VERMONT -- Brian Thompson had visitors at his Charlotte home last Saturday -- 45, to be exact. His house, which uses a wind turbine and solar panels to generate the energy that runs his appliances, lights and hot water, was one of five stops on the Greater Burlington Renewable Energy Guided Tour. "On a day like today," Thompson said, indicating the brilliant sunshine and steady breeze, "my electric meter spins backwards."
Saturday's tour was one of more than 100 similar events across the country. The American Solar Energy Society has been sponsoring these tours since 1995. This year, with fuel rates soaring and the wind-energy debate at full tilt, it seemed particularly timely. About 60 people participated in Burlington's event.
For tour guide Toben Galvin of the Renewable Energy Resource Center -- a project of the Burlington-based Vermont Energy Investment Corporation -- the event was an opportunity to advertise RERC's Vermont Solar and Small Wind Incentive Program. It provides residents and businesses that install solar electric, small wind or solar hot water systems with grants of up to $10,000, or 25 to 30 percent of the installation cost. In its first year, the program awarded a total of $961,000.
The tour also let participants see different systems in person and speak with the people who actually use them. "It's an unbelievably good feeling," Harry Atkinson said, looking at the solar panels and wind turbines atop his building on Battery Street. "It makes you feel like you're doing something good for the environment -- and you are."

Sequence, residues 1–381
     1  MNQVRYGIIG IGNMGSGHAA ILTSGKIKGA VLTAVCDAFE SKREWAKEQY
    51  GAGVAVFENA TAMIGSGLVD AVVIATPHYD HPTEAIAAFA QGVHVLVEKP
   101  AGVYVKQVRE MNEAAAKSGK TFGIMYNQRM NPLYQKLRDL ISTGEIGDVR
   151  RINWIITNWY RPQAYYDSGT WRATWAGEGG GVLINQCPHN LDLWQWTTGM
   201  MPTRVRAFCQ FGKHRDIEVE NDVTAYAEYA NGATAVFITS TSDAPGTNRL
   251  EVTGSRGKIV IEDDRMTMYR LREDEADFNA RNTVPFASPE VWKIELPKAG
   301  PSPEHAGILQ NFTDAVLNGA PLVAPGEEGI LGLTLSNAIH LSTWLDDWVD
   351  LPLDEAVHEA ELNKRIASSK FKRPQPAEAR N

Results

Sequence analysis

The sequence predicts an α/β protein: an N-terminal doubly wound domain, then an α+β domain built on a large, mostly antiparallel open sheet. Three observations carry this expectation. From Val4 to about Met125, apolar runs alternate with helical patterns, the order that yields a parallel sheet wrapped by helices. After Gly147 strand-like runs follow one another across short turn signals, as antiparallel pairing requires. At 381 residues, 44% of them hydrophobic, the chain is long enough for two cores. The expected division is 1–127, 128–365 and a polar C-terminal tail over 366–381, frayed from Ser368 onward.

One big question on people's minds was how long it takes for the initial investment to pay itself back. The owners didn't try to hide the fact that solar and wind systems -- even with the incentive programs in place -- are not cheap. "Through savings on electric and oil heating bills, our solar hot water system will pay itself back in about 12 years," said Peter Jones, a South Burlington homeowner with a solar electric system. His place was the second stop on the tour. "The photovoltaic system will be 20 years," he added.
But Jones said that the initial costs shouldn't dissuade people. He offered advice for how to make a home more energy-efficient even before considering a renewable energy system. Some of his tips were more obvious than others. "Turn off the light when you leave a room," he suggested. "We replaced our incandescent light bulbs with compact fluorescents. We heat with wood. We replaced our old, energy-sucking refrigerator with an energy-efficient one. It's a lifestyle change. It might be a drag to hang-dry your laundry, but I say, 'Hey, I get to listen to the birds sing in my yard while I do it.'"